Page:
So when democracy settled every single criminal should be brought to justices and should be prosecuted this should be the very biases of law and order.
    Sadly none of that happen for the past 10 years same very famous names well known on the street of Iraq like Abu Dra’a (ابو درع)
    So now the killing and slaughtering of the dead its act of inhuman and it’s a criminal act, whoever done should be face charges according to rule of law. There is no justification killing or slaughtering Iraqi by any one. The demonstrations against bad government behaviour protected by law, if few either side breach that, and then they should be brought to justices.
    When this sett as a practice by Iraqi rule of law, then you will see a development and improve of civil society and more peaceful society that all people covered by one law.

  9. faisalkadri said

    Salah,
    Tribal sensitivity means people with sense of shame who think that killing a captive is 3eib. The army has more of this sense than SWAT.

  10. Salah said

    Faisalkadri
    Thanks for your reply, but Faisalkadri After 1991 war things when very bad specially after 13 years of international sanctions on Iraqis, I believe you are outside Iraq during that time never been back till 2003.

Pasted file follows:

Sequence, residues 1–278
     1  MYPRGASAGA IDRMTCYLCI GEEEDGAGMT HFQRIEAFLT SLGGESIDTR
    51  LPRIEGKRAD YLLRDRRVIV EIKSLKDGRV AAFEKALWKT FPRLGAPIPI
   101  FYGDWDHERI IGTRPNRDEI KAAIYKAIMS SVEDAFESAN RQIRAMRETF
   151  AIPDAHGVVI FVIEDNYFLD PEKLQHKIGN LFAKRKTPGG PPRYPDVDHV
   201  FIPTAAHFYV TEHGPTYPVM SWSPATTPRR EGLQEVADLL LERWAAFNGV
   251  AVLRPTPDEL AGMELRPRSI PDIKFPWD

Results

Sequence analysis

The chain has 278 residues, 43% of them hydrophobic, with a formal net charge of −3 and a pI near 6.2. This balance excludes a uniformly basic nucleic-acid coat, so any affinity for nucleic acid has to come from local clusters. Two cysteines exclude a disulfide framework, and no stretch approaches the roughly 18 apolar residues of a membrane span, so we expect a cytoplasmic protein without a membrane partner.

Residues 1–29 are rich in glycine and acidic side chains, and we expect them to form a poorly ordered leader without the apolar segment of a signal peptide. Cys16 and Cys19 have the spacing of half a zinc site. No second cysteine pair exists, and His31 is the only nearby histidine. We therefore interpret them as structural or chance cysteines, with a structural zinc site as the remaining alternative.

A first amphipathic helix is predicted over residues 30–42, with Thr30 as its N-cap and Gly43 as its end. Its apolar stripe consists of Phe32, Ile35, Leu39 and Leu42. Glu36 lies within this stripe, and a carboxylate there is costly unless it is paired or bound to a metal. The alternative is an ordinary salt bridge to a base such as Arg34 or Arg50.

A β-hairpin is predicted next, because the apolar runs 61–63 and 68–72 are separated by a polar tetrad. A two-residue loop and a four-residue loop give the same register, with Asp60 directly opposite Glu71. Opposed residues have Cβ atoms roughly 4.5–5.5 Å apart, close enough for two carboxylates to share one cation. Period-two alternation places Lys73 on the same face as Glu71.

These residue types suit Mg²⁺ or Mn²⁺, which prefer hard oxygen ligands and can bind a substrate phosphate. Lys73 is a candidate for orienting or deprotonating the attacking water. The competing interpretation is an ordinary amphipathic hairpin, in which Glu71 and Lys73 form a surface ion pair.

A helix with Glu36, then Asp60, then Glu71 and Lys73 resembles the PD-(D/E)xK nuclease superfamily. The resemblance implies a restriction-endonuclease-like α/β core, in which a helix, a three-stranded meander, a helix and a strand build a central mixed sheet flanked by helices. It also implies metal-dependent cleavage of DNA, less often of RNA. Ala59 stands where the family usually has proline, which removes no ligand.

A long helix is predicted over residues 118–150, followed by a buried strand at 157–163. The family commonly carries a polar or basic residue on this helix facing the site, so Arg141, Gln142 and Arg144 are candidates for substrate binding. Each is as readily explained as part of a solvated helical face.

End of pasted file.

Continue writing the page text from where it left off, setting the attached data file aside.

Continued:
I can tell you a sentence from a friend telling the real sense of Iraqi personality in late years of the sanction she said:

    العراقيين فقدوا ادميتهم؟
    You cannot lay on Tribal sensitivity to build democratic and civil society, the law and order and the rule of law should be respected by all. I still on my point that the criminals between Iraqi, the tyrant gone, but the criminal still there.

    My father born in 1901, he talk about life then, when the sunset approach every house close their doors no one take the risk going outside after that (night) WHY?
    Because there were Salabah (سلابة) this was in old days when Tribal sensitivity was strong!!
    عيني فيصل العيب راح وية اهله
    سلامي

  11. Salah said

    Faisalkadri,
    I forgot to say, during our time from secondary school up finishing our university move to workforce, it was very shameful to talk about sect. or religion we all respect each other.
    The declining in the behaviour of Iraqi society to the degree most if not all Blogs, Facebook, Twitter are all full of this senses which reflect very bad and impolite personality.

    Myself I founded really odd and strange Iraqi living in western world living with all sort of ethnics and religions there but when they come to Iraq they split themself or joining sectarian /Tribal wagon which just disturbing.

    What they learn while been in western world?